We might just remember an almost-concerted effort to forge closer, more efficacious economic ties, leading to some sort of durable political union among Nova Scotia, New Brunswick and Prince Edward Island in the mid-1960s. But as the counter-argument went at the time, “Where would we put the capital?”

Twenty years later, the debate flared again. This time, though, the political class in this part of Canada had no appetite for the concepts of either economic or political union; for they had become too complacent, too inculcated in the status quo thanks to decades of federal government welfare (transfers) to prop up their perpetually underperforming public accounts.

Now, when the rest of Canada reflects on us, it conjures a region of people wise in the ways of the sea, determined to give the shirts off our backs, willing to throw down a kitchen party. This, it seems, is the stereotype we gladly proffer in return for free money from other parts of the country. As long as Ontario and Quebec can laugh their rumps off at our expense, we court jesters can count on a cheque in the mail.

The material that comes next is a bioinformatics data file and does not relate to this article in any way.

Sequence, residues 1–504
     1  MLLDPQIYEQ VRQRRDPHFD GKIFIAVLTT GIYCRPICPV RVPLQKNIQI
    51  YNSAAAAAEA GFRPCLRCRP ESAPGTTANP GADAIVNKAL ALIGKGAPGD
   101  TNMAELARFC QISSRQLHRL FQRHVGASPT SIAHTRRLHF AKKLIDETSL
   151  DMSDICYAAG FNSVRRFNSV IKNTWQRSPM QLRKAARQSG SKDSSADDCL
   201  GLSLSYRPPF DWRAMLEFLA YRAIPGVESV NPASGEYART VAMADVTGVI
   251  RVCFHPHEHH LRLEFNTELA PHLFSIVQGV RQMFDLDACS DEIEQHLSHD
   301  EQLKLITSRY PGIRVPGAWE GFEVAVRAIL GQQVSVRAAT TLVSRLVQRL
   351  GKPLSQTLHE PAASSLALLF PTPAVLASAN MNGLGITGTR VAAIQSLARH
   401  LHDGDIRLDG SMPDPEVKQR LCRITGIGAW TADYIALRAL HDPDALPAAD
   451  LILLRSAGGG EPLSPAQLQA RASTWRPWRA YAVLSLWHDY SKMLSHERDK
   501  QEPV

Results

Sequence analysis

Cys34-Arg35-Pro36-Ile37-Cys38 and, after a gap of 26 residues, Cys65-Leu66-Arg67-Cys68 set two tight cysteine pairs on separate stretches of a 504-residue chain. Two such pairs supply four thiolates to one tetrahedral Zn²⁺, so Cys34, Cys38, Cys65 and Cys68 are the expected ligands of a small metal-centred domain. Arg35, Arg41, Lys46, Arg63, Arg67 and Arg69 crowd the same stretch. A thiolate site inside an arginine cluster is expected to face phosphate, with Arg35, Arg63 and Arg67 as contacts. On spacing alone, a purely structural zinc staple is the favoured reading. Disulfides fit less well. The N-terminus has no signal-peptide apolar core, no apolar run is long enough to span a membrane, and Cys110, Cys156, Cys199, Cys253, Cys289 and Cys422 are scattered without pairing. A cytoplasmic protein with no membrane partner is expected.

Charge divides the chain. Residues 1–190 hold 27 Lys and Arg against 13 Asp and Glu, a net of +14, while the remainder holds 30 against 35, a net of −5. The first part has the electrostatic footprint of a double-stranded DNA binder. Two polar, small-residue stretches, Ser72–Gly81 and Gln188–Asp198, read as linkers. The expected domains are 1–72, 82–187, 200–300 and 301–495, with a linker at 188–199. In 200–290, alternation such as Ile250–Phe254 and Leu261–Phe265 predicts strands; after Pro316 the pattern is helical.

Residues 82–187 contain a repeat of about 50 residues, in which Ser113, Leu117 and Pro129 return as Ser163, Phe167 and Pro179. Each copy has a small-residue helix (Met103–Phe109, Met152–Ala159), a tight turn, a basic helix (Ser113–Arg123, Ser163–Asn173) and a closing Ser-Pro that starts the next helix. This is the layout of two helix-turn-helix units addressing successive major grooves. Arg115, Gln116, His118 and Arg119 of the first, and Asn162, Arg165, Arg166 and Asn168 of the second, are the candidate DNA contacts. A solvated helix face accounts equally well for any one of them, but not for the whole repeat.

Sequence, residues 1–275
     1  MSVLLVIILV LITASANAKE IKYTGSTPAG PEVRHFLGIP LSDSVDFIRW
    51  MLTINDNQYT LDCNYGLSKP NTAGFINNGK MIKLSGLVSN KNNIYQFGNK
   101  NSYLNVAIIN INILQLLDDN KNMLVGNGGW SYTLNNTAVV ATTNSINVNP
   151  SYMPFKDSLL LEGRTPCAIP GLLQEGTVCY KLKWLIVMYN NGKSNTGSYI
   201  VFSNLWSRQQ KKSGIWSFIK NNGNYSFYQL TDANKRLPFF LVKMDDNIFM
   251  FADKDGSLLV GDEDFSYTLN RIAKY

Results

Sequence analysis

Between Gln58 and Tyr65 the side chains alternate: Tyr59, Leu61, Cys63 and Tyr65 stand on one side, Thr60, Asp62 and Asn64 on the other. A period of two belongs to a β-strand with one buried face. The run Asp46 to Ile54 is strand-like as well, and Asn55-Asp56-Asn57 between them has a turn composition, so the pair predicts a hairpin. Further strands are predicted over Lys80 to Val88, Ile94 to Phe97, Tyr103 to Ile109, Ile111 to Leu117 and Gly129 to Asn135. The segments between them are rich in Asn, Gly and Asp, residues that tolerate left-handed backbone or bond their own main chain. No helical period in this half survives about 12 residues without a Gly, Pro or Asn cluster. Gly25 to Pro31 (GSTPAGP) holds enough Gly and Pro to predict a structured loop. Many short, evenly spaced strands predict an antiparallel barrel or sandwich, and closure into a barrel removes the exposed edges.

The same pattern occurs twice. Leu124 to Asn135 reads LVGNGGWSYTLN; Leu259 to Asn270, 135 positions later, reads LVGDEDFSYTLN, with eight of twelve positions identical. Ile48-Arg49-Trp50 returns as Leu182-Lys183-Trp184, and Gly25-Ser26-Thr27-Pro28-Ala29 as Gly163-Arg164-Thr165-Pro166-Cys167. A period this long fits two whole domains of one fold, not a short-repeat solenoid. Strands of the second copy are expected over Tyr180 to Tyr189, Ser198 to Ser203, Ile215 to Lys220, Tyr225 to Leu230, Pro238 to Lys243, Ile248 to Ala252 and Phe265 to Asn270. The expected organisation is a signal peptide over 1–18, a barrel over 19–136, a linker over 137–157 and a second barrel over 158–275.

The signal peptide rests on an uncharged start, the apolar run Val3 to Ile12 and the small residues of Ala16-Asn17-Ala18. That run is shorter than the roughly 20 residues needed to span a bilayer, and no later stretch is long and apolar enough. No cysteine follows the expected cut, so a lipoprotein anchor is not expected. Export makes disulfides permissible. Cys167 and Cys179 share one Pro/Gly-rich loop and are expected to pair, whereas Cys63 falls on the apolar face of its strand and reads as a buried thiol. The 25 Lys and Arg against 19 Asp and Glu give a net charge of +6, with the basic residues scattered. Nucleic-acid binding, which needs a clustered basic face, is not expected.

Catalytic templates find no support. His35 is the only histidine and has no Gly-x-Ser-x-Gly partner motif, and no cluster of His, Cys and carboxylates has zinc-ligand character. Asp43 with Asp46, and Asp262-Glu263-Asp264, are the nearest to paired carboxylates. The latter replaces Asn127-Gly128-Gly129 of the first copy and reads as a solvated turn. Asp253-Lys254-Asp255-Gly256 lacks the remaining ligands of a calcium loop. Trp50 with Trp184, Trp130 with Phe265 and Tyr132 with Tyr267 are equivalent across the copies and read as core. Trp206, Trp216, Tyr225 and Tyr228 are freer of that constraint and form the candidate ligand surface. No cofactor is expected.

Again, how’s that vision thing going for us?

Each year or so, Atlantic Canada’s provincial premiers and their mandarins gather in capital cities around the region to consider how best to work together, how marvellously they may transform their tiny economies into what they have recently termed a “global force” of growth. At the same time, they just can’t seem to figure out how to rationalize the rules concerning the transfer of honeybees and booze across their provincial borders.

This small collection of principalities remains one of the most economically divided of any in the developed world. We make it virtually impossible, in this region, for university students to transfer their credits from one institution to another; for skilled tradesmen and women to find meaningful work if they choose to leave the jurisdiction in which they received their accreditations; for doctors, lawyers and veterinarians to move between provinces without first obtaining professional papers proving that the practices of law and medicine are, somehow, locally relevant and compliant.

Certainly, each Atlantic province must develop its own vision for economic and social security, And, indisputably, each jurisdiction should maintain the right and responsibility to protect and preserve its cultural heterogeneity.